Tuesday, October 06, 2009

Book Review: "The X and Y of Buy" (Elizabeth Pace)

Book: The X and Y of Buy (sell more and market better by knowing how the sexes shop)
Published: Nashville, TN: Thomas Nelson, 2009

This book works well simply because it deals with the evergreen formula of gender differences. The battle of the sexes has always been a fascinating one not reserved for any age group. Pace, a first-time author, delivers quite a convincing message about the differences between a woman (X) and a male (Y), and what a marketer or a salesperson needs to be aware of. Pace does a great job when it comes to the 'science' of understanding the two genders. Through her research and experience, plus personal encounters with buying behavior, both hers and others, she reconstitutes them into 200 pages of delightful reading. From humor to how to control tears, Pace presents us multiple reminders that the key to selling and marketing to the different sexes lies in putting ourselves into the shoes of the other, both male and female. Helpful tables comparing and contrasting the X and Y perspectives were carefully spread out in the book to aid comprehension.

The strongest part of the book is the research as well as the illuminating examples that magnify the principles and observations she made. Her one key note is worth the price of the book. It's all about them. Pace makes a courageous statement:

"When communicating with the opposite sex, the golden rule does not apply. Instead, treat them as they prefer to be treated." (106)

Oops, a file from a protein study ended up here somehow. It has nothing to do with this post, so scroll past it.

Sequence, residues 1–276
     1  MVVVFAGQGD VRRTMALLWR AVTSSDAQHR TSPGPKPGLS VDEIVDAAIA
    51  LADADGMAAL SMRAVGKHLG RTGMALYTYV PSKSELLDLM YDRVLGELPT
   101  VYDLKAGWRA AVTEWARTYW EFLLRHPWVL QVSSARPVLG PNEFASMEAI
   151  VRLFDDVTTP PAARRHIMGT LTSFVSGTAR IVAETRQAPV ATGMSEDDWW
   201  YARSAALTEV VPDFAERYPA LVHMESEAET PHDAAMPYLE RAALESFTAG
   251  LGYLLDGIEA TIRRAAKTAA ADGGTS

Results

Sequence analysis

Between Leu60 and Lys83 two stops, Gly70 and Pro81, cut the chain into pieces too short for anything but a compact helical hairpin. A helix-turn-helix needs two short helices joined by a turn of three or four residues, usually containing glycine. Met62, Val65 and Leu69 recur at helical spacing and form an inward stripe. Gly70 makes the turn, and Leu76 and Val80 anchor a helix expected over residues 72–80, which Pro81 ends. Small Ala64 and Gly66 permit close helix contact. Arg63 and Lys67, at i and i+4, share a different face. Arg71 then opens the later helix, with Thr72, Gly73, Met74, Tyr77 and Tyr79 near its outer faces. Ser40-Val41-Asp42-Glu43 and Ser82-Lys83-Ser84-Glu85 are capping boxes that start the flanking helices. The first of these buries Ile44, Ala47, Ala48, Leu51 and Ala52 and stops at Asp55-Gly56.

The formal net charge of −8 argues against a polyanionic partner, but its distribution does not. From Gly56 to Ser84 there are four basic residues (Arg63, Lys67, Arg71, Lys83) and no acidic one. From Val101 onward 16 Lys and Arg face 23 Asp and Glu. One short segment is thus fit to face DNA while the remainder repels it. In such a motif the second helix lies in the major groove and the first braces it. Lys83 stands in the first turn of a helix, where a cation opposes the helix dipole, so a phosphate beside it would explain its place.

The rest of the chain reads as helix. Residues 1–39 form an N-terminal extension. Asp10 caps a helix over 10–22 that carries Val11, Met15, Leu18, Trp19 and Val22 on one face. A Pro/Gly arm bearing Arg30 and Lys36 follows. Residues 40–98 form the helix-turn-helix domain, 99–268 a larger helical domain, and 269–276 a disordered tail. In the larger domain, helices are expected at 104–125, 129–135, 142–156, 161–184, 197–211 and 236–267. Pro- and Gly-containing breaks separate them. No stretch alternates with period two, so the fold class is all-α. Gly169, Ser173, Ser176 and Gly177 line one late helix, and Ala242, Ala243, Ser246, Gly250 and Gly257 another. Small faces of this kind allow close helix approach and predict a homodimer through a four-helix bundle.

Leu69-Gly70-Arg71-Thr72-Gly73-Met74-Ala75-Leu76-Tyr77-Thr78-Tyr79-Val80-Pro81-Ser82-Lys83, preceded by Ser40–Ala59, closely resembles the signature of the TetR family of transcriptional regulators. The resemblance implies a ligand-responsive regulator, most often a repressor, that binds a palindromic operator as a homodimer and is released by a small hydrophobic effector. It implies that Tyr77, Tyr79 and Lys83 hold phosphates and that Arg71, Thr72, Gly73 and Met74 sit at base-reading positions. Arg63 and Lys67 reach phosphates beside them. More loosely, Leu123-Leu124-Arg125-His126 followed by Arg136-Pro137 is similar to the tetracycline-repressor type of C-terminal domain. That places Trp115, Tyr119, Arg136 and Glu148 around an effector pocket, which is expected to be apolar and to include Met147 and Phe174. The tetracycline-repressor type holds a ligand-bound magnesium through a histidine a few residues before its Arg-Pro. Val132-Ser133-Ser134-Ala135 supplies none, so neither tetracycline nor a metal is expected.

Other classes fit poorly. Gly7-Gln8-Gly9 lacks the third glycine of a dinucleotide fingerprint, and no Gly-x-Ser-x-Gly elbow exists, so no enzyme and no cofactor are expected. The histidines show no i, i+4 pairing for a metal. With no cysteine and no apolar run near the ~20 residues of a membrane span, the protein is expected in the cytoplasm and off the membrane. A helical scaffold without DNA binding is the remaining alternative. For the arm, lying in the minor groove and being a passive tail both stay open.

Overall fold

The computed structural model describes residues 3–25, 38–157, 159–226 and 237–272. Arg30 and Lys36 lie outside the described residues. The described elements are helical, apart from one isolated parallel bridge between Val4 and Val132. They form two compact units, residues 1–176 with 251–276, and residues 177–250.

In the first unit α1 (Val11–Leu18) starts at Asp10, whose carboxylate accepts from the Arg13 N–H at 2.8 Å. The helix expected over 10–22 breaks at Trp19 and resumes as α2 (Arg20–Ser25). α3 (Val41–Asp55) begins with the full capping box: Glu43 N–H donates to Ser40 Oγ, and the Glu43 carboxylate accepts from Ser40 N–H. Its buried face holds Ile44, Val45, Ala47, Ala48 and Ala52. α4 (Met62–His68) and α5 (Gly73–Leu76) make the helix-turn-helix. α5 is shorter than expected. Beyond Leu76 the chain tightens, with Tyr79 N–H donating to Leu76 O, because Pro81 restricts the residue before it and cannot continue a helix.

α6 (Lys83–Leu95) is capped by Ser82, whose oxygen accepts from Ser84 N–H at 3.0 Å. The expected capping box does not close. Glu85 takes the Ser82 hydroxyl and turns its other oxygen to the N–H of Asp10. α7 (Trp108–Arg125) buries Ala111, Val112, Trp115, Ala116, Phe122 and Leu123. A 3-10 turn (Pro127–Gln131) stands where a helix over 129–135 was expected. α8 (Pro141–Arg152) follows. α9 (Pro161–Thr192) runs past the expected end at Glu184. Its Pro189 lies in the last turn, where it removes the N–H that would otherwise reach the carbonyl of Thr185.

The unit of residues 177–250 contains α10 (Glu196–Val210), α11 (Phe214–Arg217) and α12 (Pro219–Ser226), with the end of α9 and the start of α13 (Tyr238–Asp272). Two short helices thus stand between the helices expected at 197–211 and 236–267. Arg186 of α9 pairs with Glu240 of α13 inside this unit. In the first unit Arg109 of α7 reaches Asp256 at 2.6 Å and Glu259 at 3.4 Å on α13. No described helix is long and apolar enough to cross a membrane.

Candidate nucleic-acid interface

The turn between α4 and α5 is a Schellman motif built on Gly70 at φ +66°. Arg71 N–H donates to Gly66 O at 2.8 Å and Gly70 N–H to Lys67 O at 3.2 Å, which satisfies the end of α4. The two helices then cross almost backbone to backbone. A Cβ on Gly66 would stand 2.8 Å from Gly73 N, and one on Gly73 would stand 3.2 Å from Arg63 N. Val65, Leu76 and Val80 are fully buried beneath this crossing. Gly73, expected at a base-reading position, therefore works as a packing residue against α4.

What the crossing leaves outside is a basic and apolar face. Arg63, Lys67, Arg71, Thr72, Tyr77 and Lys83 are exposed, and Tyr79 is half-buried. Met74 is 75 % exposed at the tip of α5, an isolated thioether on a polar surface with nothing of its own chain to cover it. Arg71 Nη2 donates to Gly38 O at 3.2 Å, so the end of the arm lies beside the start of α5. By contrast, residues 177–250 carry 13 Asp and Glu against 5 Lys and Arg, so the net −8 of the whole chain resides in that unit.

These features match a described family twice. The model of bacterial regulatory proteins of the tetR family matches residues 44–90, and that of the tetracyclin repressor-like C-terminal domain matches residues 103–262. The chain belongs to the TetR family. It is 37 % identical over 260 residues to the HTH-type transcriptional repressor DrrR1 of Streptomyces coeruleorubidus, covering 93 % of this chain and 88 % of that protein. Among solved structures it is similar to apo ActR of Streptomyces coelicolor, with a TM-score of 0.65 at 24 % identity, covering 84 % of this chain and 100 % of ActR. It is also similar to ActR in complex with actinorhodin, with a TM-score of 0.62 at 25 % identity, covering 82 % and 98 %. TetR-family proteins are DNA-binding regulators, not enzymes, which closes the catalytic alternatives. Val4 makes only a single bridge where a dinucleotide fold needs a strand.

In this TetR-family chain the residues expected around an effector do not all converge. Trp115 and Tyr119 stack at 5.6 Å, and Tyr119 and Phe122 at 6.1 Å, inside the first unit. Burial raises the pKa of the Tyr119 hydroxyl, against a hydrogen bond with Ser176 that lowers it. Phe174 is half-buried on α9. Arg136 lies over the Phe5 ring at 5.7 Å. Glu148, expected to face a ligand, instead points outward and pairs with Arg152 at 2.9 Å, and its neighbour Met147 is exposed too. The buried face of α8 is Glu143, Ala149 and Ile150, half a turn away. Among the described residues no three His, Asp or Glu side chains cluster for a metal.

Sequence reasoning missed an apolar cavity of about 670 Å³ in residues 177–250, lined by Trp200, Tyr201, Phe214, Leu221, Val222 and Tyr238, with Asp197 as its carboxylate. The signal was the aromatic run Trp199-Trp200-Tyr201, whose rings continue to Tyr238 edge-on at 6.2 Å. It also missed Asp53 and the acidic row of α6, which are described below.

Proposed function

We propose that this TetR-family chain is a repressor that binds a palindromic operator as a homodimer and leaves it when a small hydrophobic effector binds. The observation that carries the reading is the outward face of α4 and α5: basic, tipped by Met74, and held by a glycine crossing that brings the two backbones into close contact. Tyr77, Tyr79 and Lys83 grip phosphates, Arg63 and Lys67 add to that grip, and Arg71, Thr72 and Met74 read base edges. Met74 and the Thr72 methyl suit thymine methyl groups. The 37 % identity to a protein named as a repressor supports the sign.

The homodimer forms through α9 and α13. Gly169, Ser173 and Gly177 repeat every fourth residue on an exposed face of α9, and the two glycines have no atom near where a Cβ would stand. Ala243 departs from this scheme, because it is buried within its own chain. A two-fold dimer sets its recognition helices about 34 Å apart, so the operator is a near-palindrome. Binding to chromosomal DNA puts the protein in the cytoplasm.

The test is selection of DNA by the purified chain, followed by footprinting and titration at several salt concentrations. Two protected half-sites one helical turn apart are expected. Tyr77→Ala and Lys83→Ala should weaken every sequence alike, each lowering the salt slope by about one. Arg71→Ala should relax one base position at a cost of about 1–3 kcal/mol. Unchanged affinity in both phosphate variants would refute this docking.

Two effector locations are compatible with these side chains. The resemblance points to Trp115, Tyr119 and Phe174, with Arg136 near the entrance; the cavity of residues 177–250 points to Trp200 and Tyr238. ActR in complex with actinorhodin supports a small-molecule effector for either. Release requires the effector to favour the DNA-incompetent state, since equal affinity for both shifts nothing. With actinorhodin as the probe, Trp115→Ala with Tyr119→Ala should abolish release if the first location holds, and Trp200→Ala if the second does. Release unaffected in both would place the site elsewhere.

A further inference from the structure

Bravo! That essentially is the spirit and is worth the price of the book. In fact, I will extrapolate the application to include marriages as well. Hopefully, couples who read this book learn to understand the little idiosyncrasies behind their spouse's buying behavior. This need not be exaggerated, but who knows, it can even save a marriage.

"Men buy; women shop and then purchase 80 percent of everything." (3)

My main reservation with this book lies in the fact that the author is female (X), and claims to be able to speak on behalf of the male (Y) department. For example, in her "GenderCycle Selling" proposal, Pace devotes one-and-a-half times more coverage to the female part, that is (31 pages for X, and 20 for Y). We can always defend Pace on the basis that males and females are different qualitatively, hence there is no need to be paranoid about quantitative measures. Having said that, it might still be worth noticing this small detail. My other reservation has got to do with the question of those whose sexes are not so clearly understood. What about those who grew up in environments dominated by the opposite sex? Will nurture override nature? What about the transexuals, or those with homosexual inclinations? This book about gender differences may help us understand the opposite sex better, in terms of the 'nature' part of it. Let us also read the book with the other eye on the 'nurture' side of it. Put together, we can truly understand not only the "X and Y of Buy" but the "X to Y of Buy and Sell."

Final Comments
Pace gives us a very helpful advice, that when dealing with the opposite sex, to see from their perspective. Having said that, I believe that the golden rule of doing-to-others-what-you-want-to-yourselves should not be ignored either. Both applies.

Moreover, we need to be careful not succumb to stereotyping anybody in any way. While the book helps us understand gender differences more, it does not replace the need for us to treat one another sensibly and respectably. It does not give us a license to manipulate them. What it does is to help us admire how each of us are uniquely created, and with each unique creation, let treat one another with love, respect and honesty.

I award 4 stars out of 5.

A Thomas Nelson Book Reviewer. (link)


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